In four games, Bouman (the son of longtime NFL quarterback Todd Bouman) completed 60 percent of his passes for 772 yards and seven touchdowns with just one pick. He's a pure pocket passer, but if the Coyotes can protect him, Bouman seems like the kind of player they can build around. Spring ball gives him a golden opportunity to build on the promise he showed last year and take momentum into his first full season as the starter.

4. Who will step up on the D-line for SDSU?

The Jacks just don't have many questions going into 2023. This is the best we can come up with. Defensive end Reece Winkelman and defensive tackle Caleb Sanders were two of the best SDSU ever had, and they're gone. On top of that, highly-regarded defensive line coach Christian Smith was snapped up by Northwestern (the one in the Big Ten).


South Dakota State defensive lineman Caleb Sanders (99) drags down South Dakota running back Shomari Lawrence (1) with Jackrabbit teammates Colby Huerter (14) and Cade Terveer (94) nearby during the South Dakota Showdown college football rivalry game on Saturday, Oct. 8, 2022, at Dykhouse Stadium, in Brookings.
Adam Thury / Mitchell Republic

Smith's work was one of the most underrated factors in the Jacks rising from FCS contender to national champion, as he was not only successful in building a unit that could go 8 to 10 deep, but continually rebuild and reload so they could keep playing that deep of a rotation year after year. The Jacks graduated some good lineman after 2021 — the line did not suffer in '22. Will that happen again in '23? That will no doubt be one of Rogers' top priorities. It's a group loaded with talent, and there's still experience, too. But new line coach Jalon Bibbs has big shoes to fill.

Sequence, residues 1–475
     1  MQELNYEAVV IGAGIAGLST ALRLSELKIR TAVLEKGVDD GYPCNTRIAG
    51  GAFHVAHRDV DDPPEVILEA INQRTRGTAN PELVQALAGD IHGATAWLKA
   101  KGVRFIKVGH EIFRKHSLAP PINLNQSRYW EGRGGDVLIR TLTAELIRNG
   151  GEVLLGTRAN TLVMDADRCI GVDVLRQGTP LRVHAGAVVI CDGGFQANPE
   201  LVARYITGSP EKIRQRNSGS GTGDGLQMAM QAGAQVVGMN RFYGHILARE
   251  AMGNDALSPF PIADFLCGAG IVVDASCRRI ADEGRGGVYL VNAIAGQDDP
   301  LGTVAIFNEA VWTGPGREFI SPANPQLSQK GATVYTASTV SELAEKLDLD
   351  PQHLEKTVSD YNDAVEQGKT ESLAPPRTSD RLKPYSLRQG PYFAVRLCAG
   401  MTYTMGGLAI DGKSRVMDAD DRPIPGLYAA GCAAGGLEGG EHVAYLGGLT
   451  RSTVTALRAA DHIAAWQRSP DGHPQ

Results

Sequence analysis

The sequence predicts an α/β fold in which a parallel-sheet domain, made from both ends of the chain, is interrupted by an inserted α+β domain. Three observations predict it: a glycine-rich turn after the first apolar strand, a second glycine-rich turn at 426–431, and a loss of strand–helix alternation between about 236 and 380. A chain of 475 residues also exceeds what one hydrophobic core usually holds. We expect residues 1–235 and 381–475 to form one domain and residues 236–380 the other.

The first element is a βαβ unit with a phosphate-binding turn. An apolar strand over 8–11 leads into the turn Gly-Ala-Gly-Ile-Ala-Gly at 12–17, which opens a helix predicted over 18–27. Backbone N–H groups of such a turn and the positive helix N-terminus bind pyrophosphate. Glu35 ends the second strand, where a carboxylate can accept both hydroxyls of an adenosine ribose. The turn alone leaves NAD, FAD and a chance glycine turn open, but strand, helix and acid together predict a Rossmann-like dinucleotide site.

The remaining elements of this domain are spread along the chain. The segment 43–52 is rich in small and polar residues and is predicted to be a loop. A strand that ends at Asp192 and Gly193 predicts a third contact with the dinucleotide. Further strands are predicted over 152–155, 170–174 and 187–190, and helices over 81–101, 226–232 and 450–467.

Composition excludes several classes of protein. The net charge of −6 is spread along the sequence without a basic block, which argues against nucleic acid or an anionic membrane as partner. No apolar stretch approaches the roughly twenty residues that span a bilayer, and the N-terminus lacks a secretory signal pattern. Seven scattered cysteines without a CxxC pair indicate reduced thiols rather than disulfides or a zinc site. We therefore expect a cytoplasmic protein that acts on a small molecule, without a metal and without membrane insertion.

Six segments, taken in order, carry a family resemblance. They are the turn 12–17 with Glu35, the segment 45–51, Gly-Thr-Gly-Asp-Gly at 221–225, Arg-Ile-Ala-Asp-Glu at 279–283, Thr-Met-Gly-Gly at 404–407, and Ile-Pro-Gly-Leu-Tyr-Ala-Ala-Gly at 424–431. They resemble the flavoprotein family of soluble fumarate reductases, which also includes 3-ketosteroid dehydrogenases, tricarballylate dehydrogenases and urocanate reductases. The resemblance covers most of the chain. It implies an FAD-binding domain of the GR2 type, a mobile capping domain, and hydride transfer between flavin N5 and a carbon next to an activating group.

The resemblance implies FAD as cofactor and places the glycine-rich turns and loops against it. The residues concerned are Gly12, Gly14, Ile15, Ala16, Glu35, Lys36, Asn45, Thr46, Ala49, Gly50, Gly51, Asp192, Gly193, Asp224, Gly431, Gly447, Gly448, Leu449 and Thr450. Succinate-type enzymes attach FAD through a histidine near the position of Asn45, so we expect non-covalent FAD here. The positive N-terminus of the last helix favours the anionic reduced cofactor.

Former Jackrabbit receiver hopes to breathe life into Coyote offense after winning championship with SDSU

5. Can Josh Davis fix the Coyotes offense?

USD spent most of last year without an offensive coordinator, with Nielson taking over playcalling duties early in the season. They ended the season averaging a meager 16 points and 286 yards per game.

Enter Josh Davis, a former all-time great wide receiver for the rival Jackrabbits, and their receivers coach last year as they won the national championship.

Former SDSU player and assistant Josh Davis is the new offensive coordinator at USD.
Matt Zimmer

Crossing the rivalry is a big step, and that Davis was willing shows both how determined he is to succeed as a coordinator and how confident he is USD can win.

But Nielson didn't stop there. Jeff Nady is the new O-line coach, and former University of Mary head coach and record-setting quarterback Craig Bagnell left his post leading his alma mater to coach receivers for the Yotes. They'll begin the process of recharging the USD offense this spring.

Matt Zimmer is a Sioux Falls native and longtime sports writer. He graduated from Washington High School where he played football, legion baseball and developed his lifelong love of the Minnesota Twins and Vikings. After graduating from St. Cloud State University, he returned to Sioux Falls, and began a long career in amateur baseball and sports reporting. Email Matt at